Point Of Order – Texas Constitution
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By etrigan - Last updated: Tuesday, September 9, 2003 - Save & Share - 3 Comments

I have a good excuse for not understanding the structure of Texas politics because I grew up in Louisiana, but the truth is I don’t understand La. politics either. A speaker on local NPR radio this morning brought up the point that we were voting on “a ton of constitutional amendments”:http://tlcweb.tlc.state.tx.us/research/analyses072403/sept13amd.htm this weekend and queried why amendments were neccesary to make laws. Is that how Texas works? Is the only way to make a law by making an ammendment? If not, why are there “so many”:http://lrlweb.lrl.state.tx.us/legis/constAmends/lrlhome.cfm ?

bq. ??The Texas Constitution is one of the longest in the nation and is still growing. As of 2001 (77th Legislature), the Texas Legislature has passed a total of 584 amendments. Of these, 410 have been adopted and 174 have been defeated by Texas voters. Thus, the Texas Constitution has been amended 410 times since its adoption in 1876.??

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3 Responses to “Point Of Order – Texas Constitution”

Comment from BT
Time September 9, 2003 at 11:30 am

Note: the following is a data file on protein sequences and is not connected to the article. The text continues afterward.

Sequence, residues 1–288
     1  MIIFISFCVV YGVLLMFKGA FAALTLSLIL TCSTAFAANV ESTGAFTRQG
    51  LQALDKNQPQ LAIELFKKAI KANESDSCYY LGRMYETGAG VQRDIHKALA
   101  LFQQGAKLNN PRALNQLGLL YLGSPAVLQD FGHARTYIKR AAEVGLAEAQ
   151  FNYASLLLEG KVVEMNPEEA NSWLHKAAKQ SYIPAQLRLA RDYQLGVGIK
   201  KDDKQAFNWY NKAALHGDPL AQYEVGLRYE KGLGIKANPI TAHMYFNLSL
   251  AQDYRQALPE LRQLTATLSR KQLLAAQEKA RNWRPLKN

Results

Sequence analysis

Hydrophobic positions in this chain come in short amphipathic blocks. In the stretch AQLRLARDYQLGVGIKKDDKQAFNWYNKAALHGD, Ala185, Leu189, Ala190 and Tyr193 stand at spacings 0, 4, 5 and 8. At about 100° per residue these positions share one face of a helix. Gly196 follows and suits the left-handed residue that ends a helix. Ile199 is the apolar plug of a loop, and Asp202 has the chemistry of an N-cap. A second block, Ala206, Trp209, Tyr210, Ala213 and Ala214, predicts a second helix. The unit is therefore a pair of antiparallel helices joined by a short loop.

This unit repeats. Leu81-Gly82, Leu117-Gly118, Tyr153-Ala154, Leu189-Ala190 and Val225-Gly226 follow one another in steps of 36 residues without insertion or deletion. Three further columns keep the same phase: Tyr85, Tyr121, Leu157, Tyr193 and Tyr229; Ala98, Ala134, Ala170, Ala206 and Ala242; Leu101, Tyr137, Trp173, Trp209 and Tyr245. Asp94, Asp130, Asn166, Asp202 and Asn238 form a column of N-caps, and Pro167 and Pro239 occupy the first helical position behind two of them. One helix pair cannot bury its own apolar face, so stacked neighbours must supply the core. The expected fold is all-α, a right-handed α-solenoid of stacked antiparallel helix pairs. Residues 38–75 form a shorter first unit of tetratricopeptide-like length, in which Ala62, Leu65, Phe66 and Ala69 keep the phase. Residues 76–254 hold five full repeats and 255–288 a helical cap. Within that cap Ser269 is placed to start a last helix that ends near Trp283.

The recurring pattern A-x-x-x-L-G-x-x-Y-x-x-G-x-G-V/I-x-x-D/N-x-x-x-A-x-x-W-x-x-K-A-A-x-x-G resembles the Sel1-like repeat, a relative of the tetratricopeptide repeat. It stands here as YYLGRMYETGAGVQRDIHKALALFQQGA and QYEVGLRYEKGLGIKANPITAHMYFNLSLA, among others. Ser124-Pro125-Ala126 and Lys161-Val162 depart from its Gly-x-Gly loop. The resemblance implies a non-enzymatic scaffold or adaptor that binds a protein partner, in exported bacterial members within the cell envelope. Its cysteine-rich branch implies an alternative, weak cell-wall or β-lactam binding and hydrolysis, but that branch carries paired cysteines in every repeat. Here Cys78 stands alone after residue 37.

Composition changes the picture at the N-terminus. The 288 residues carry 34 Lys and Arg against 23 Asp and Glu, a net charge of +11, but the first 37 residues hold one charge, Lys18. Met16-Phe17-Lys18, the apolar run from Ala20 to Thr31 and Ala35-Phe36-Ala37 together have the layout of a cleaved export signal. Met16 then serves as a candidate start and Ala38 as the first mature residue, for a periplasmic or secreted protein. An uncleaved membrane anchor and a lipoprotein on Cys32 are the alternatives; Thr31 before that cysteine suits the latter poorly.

I don’t know squat about the Texas constitution, but I believe that the old Louisiana constitution remains the longest written legal document in the history of mankind. It had thousands of amendments, and attempted to codify just about every state law.

I don’t know why it was so long, but maybe people thought it would be easier to have everything in one document, or maybe they wanted to make sure that the government could not do anything without amending the constitution, so it grew into the beast that it was.

In any case, the old constitution was thrown out in 1973 or 1974, and the state’s new constitution is merely crazy long, rather than absurdly long.

Comment from jank
Time September 9, 2003 at 3:53 pm

Populism, baby. States west of the Mississippi had a much more democratic (as in direct democracy, majority rules kind of democracy as opposed to the republic type of democracy where we elect smart people to make decisions for the masses that the masses are too dumb to make on their own) flavor when their constitutions were written up, probably owing to the fact that the folks who loaded up the Conestogas and headed west were sick of the high and mighty types who tended to govern the Republic.

Since Texas (to the best of my knowledge; I’ll read the darn thing when I get a chance) has no direct ballot initiative process (like Cali), the legislature puts pseudo-controversial measures on the ballot to let the citizens take the fall for passing them, instead of the legislators directly.

Comment from Beldar
Time September 10, 2003 at 10:44 pm

Actually, this dates back to the Civil War and Reconstruction. Post-Reconstruction Texans were badly burned by laws passed by the “carpet-bagger Legislatures” immediately after the Civil War, and so rewrote the state constitution in the late 1870s or early 1880s to pretty much handcuff the Texas Legislature and require state-wide votes on anything significant.

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